By | July 28, 2022

U.S. economy just had an unfavorable 2nd quarter growth. Is the economy going through a slump?

Treasury Secretary Janet Yellen noted in a recent appearance on the NBC program Meet the Press that while two consecutive periods of negative growth are typically regarded as a recession, the economic conditions of this country are different.

“When you’re creating almost 400,000 jobs a month, that is not a recession,” she claimed.

But, however you look at it the economy is dwindling.

The GDP report indicated that businesses have retrenched. In all likelihood, the cost of borrowing is becoming more costly due to the Federal Reserve ratcheting up interest rates. Therefore, there’s less money available to invest. The main concern is whether it will begin hurting job growth.


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Retailers had an abundance of inventory to deal with and so, these businesses also spent less. Housing, which has been booming in the midst of the epidemic but is beginning to cool as mortgage rates rise.

There were some positives. As wages climbed, people were pampering themselves with a meal out in restaurants, and even travelling. Overall, income increased.

But the fear of recession has been growing since the Fed continues to raise interest rates rapidly to fight the rising inflation rate.

The economic data have been rather uneven.


The Fed’s mission is unlikely in that it fights inflation without creating the possibility of a recession

In the days leading up to the previous recessions, for instance the economy was losing jobs. However, it seems that the U.S. economy has been growing month-after-month according to Yellen stated.

“This is not an economy that’s in a recession,” Yellen declared. “A recession is broad-based weakness in the economy. We’re not seeing that now.”

Yellen has also emphasized the consumer spending that is still strong. She also provided positive information regarding the credit score of Americans.

White House doesn’t like the word recession.

The White House has taken pains to remind Americans that two quarters of growth that is negative does not mean there’s recession.

With the midterm elections coming up and the midterm elections are coming up, there is a sense that the White House is acutely aware of the negative effects of a country that is in economic recession, in which Americans struggle financially. With the cost of so many things rising and inflation soaring to the highest level in decades many Americans are taking their chins off.


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65percent , of registered voters who participated in an earlier Morning Consult/Politico poll said they believed that we’re already in a state of uncertainty.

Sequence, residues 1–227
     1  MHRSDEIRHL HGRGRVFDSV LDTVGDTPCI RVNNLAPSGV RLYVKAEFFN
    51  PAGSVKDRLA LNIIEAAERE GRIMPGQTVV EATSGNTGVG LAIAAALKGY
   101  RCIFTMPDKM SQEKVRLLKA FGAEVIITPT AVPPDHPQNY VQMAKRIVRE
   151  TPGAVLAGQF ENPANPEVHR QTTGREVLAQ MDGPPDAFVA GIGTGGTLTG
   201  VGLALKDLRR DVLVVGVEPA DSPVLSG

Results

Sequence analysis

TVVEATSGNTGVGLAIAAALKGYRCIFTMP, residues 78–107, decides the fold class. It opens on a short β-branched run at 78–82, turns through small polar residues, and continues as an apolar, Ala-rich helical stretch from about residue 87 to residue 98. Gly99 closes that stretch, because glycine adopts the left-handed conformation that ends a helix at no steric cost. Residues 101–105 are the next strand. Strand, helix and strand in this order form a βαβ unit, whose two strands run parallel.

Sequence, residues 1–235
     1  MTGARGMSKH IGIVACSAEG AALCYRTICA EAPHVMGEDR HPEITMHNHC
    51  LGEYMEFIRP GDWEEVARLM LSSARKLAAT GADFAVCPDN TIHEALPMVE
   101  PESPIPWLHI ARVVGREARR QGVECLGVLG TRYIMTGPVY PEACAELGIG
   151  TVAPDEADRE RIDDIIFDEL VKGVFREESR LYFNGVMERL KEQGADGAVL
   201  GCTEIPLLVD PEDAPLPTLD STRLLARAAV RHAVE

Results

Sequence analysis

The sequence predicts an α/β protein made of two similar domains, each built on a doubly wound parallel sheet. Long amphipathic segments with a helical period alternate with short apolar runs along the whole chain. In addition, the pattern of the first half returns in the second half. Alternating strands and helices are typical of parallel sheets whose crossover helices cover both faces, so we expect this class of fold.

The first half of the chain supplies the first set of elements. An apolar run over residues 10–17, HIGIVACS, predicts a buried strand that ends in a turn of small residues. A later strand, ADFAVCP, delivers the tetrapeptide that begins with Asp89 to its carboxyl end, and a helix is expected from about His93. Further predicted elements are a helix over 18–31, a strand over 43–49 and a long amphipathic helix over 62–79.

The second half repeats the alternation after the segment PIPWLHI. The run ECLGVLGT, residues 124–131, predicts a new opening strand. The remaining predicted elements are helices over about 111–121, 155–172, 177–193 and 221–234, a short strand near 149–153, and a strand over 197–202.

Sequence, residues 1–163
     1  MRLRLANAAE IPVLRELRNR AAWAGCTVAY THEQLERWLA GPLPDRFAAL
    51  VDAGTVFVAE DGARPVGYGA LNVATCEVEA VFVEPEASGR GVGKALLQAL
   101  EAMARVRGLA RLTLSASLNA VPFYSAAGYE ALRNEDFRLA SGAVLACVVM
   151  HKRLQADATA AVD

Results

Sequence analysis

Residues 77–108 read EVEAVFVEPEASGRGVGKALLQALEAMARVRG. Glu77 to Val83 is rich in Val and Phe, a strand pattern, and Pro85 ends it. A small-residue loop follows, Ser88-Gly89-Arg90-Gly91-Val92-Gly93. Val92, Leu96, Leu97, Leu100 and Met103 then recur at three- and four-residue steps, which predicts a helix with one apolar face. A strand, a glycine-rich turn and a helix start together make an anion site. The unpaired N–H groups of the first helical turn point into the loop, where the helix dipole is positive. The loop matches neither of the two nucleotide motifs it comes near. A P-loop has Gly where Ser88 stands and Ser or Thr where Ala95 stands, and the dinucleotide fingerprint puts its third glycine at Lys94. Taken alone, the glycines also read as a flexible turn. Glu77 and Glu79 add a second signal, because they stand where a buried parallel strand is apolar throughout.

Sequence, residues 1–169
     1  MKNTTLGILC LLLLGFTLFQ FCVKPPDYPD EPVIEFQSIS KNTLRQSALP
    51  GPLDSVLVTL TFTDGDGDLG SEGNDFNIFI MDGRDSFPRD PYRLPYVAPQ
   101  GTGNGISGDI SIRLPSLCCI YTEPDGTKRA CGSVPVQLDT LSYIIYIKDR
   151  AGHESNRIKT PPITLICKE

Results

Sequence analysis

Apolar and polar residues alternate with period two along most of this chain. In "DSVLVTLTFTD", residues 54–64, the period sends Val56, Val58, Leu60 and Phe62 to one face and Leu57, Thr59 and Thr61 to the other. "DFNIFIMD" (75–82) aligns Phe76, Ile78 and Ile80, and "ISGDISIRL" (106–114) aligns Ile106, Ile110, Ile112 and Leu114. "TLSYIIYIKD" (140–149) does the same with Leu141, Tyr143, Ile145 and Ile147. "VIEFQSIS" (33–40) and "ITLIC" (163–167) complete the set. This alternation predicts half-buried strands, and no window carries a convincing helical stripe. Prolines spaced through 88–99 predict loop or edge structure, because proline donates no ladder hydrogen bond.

What are the indicators of recession?

The NBER declares that that the “traditional definition” of a recession is “a significant decline in economic activity that is spread across the economy and that lasts more than a few months.”

Employment is a factor in the calculation of the group and the market for labor has shown indications of improvement. As of the month June employment rates stood at 3.6 percent close to the pre-pandemic level and the economy created 372,000 new jobs.


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“I don’t think the NBER would look at the data right now and say the economy is in a recession,” says Michael Gapen, the chief U.S. economist at Bank of America Securities.

However, it’s unclear how much Americans will be concerned about whether or not the current economic system is in line with a particular technological definition, or if it doesn’t.

The economy is slowing in certain areas already

It’s obvious to everyone that that the pace of growth is slowing down, prices are increasing at their highest rate in decades as well as the market for housing is cooling because the Fed increases interest rates rapidly. On Thursday the central bank increased rates by three quarters of one percentage point.

The headline figure for Thursday’s data — the amount the economy expanded or contracted in percentage termswill likely draw the most attention. However, they advise to look into the deeper numbers.


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“It’s the pieces of the puzzle that matter when you’re looking at GDP,” says Michelle Meyer, U.S. chief economist at the Mastercard Economics Institute.

We’ll also examine whether household spending is responsible for 70% of economic activity, grew with the rate of inflation.


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However, like Fed Chairman Jerome Powell and other policymakers have admitted, in such a time, with so much uncertainty and so many Americans suffer economic hardship the mood and expectations are important and the most important thing for the economy to be successful is not to eliminate too many jobs.

“I think a lot of it comes down to jobs,” Meyer says. Meyer. “Whether you have a job. Whether you expect to keep your job. And what that might mean for your future path of income.”

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